Monday, June 02, 2014

The Immigrant (2013 film)




Directed by James Gray and written by Gray and Ric Menello, The Immigrant is the story of a Polish woman who travels to America with her sister as she works as a prostitute to free her quarantined sister while falling in love with a magician. Set in 1921, the film is an exploration into the world of Europeans coming to America as they try to capture that idea of the American dream. Starring Marion Cotillard, Joaquin Phoenix, Jeremy Renner, Angela Sarafyan, Dagmara Dominczyk, and Yelena Solovey. The Immigrant is an evocative yet powerful film from James Gray.

The idea of going to America from Europe definitely conjures up the idea of the American dream where one can go from a foreign country often troubled by war and poverty as going to America is a place to start over and succeed there. What this film does is play into that myth as a young woman from Poland arrives to Ellis Island with her sister who is ill with tuberculosis as Ewa (Marion Cotillard) endures some of the most harshest circumstances as well as the danger of being sent back to Poland until she gets help from a man named Bruno (Joaquin Phoenix) who gives her a place to live but with certain conditions as she reluctantly becomes a prostitute. Upon meeting Bruno’s magician cousin Emil (Jeremy Renner), she finds hope in Emil but endure Bruno’s jealousy as she tries to save enough money to help her quarantined sister.

The film’s screenplay by James Gray and Ric Menello doesn’t just explore the myth of the American dream but also what immigrants have to endure upon their arrival into America as it is set a few years after World War I. Ewa arrives with her sister Magda (Angela Sarafyan) as Ewa has been reported to be someone with low morals which prevents her from being part of the country immediately. Though she tries to get help from relatives, she is shunned over accusations of being a whore as she had no choice but to work under Bruno as a theater dancer and as a prostitute which has questioning about the decisions she’s making. At the same time, she knows she has to do something not just to survive but also to help out Magda who is unable to get into the country because of her illness as she’s stuck at Ellis Island.

While the character of Bruno isn’t a totally despicable person, he is someone who is willing to use Ewa for money as he is also the only person that can really help Ewa to get Magda out of Ellis Island. Ewa reluctantly trusts him yet she couldn’t believe the kind of things he makes her do as he would also threaten her. Upon meeting Emil during a show in Ellis Island and learning that he’s Bruno’s cousin, a complicated love triangle emerges as Ewa falls for the much kinder Emil who offers a chance to live a good life as well as getting her sister out as well. This would cause tension between Emil and Bruno while Ewa also has to endure prejudice and the other women working for Bruno who despises Ewa because of her morals. Through all the tribulations that Ewa goes through, she tries to appeal to God about what to do and wonder if she is doing anything right.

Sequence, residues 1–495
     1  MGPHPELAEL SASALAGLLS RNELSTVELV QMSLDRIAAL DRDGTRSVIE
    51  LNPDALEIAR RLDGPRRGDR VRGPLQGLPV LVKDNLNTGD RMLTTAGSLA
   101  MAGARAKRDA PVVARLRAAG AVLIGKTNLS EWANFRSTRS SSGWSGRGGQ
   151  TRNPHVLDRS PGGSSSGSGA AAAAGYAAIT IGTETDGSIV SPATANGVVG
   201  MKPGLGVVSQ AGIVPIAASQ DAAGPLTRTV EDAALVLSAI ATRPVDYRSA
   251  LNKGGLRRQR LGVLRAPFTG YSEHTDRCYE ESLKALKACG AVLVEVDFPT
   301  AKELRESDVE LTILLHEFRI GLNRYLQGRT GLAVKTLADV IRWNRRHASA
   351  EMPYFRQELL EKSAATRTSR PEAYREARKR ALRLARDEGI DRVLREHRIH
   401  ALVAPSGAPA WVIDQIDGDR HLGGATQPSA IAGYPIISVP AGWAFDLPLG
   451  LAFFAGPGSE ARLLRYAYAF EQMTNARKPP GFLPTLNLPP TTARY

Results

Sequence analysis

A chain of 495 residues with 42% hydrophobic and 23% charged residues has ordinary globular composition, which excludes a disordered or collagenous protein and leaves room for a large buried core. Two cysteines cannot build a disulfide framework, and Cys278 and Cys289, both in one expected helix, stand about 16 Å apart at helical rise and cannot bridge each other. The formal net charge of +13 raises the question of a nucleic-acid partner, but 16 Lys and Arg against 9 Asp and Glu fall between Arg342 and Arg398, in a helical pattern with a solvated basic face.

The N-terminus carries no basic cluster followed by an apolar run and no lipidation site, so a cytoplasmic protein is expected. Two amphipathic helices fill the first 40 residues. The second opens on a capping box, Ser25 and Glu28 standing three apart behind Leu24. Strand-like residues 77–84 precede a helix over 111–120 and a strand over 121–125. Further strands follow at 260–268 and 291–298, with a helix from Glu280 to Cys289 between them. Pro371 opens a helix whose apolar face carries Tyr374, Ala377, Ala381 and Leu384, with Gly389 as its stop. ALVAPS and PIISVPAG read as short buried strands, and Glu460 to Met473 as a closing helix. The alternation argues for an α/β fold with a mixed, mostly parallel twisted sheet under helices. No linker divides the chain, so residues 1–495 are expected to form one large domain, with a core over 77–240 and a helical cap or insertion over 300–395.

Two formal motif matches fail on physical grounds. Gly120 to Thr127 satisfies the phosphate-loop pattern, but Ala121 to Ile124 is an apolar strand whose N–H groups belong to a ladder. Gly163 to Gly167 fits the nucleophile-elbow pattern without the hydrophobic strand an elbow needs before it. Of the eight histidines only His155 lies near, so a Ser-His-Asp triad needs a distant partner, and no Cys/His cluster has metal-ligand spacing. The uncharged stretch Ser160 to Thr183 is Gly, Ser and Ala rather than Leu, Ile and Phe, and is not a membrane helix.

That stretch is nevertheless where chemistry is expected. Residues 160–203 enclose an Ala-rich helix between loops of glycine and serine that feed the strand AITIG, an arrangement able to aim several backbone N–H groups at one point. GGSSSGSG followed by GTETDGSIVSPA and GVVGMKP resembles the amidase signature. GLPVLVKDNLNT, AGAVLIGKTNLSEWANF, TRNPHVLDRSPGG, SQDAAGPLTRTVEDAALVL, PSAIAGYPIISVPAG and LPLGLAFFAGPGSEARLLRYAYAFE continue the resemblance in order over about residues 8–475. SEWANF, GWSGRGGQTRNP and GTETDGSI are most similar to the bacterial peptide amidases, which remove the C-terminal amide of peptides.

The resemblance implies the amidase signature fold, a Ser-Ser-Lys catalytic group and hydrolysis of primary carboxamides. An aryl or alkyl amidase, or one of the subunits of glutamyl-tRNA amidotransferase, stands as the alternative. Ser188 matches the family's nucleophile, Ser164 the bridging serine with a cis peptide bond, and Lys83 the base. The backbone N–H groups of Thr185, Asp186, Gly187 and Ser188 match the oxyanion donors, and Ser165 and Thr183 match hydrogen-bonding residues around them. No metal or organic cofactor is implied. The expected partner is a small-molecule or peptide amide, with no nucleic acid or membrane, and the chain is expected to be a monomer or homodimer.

Gray’s direction definitely recalls a lot of the films made during the 1970s about the world of immigrants yet he brings in something that also feels timeless in the way he re-creates early 20th Century New York City. It’s a world that is starting to form its identity as well as be this strange mix of Europeans roaming around the country with actual New Yorkers. There’s a dreamlike quality to the look of the film with its sepia-drenched cinematography as well as Gray’s great attention to detail from the way the city looked and how he would shoot scenes such as some through a window or through a glass door. The use of the medium shots and close-ups add to Gray’s unique vision as well as use some wide shots to play into the look of the city.

Some of the moments in the film are very intimate such as the way Bruno instructs Ewa into becoming a reluctant prostitute where Gray keeps the camera close but not too close. The scenes involving Emil are quite lively as it has that element of mystique but also adds an ambiguity to what Emil is in comparison to Bruno as they sort of represent this duality of morality for Ewa. Especially in the third act where Ewa deals with own crisis in faith as some troubling actions would force Ewa to reach out towards those who would help her. This would play into Ewa not only reveal all of the trials and tribulations she had faced but also realize that being in America is just as complicated as anywhere else. Overall, Gray crafts a very engrossing yet intoxicating film about an immigrant arriving into America and discover that the American Dream is really a myth.